For being centered on the creation of a magazine that runs over 600 pages at its peak, The September Issue feels underworked. Focused on the production of Vogue‘s biggest issue of the year, it never digs too deep into the publishing world – which, at the time of filming, was just before the big journalism collapse of 2008 – nor does it really examine the woman behind the giant sunglasses, editor (or editrix, as she’s been called) Anna Wintour.
“You’re the most powerful woman in the United States,” says one colleague of Wintour’s, but the editor, probably still smarting from 2005’s roman à clef The Devil Wears Prada, remains aloof and cold throughout the movie.
Warmth is shown periodically, most notably in scenes with her daughter, but Wintour has taken great care to humanize herself only slightly. She would not be as powerful or as feared if other people thought she was one of them. The other editors, each powerful in their own right, are almost sycophants in their devotion to Wintour.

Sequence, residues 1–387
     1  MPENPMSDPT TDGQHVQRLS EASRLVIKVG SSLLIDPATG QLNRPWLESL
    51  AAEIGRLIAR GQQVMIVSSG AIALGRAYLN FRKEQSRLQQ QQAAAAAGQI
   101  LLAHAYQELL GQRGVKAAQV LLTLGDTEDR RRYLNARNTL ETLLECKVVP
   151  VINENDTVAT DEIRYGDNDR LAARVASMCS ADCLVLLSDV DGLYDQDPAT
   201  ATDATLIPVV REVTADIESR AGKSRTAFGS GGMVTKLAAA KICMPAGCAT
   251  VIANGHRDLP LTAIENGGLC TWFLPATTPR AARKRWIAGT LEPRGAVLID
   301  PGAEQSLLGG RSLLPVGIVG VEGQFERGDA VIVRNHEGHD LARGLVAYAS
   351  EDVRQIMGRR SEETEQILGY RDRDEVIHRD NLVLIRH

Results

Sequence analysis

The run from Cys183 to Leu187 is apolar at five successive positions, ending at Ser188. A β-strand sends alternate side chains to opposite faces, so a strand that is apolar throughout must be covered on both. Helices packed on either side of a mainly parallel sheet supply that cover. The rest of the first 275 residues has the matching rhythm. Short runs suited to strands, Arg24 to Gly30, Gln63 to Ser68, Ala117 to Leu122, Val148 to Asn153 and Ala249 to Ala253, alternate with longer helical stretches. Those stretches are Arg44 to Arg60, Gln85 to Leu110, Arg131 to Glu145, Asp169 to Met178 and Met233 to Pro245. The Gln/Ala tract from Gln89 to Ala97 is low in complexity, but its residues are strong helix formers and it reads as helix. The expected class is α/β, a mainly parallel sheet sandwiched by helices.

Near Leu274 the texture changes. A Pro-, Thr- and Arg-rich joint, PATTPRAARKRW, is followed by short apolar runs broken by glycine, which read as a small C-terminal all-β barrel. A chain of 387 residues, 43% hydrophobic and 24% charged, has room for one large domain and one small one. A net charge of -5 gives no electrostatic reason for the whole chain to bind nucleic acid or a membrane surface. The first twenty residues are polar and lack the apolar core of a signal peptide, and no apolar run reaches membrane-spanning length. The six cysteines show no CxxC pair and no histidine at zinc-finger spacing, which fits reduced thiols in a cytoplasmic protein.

The real star of the film is Grace Coddington, Vogue creative director and former model. Coddington, whom Wintour sees as both an adversary and a peer, brings a welcome levity to the film despite seeing her ideas and shoots frequently scrapped.
The most affecting moments involve Coddington subtly battling with Wintour via assistants and other editors; Wintour, for the first time, seems almost human when she discusses her political-activist family’s low opinion of her work in fashion.
The September Issue is not groundbreaking, but for fans of journalism, fashion, or travel narratives, it’s certainly worth the price of admission.
Rating: 2.5/4 stars
Starring: Anna Wintour, Grace Coddington, André Leon Talley
Directed By: R.J. Cutler
MPAA Rating: PG-13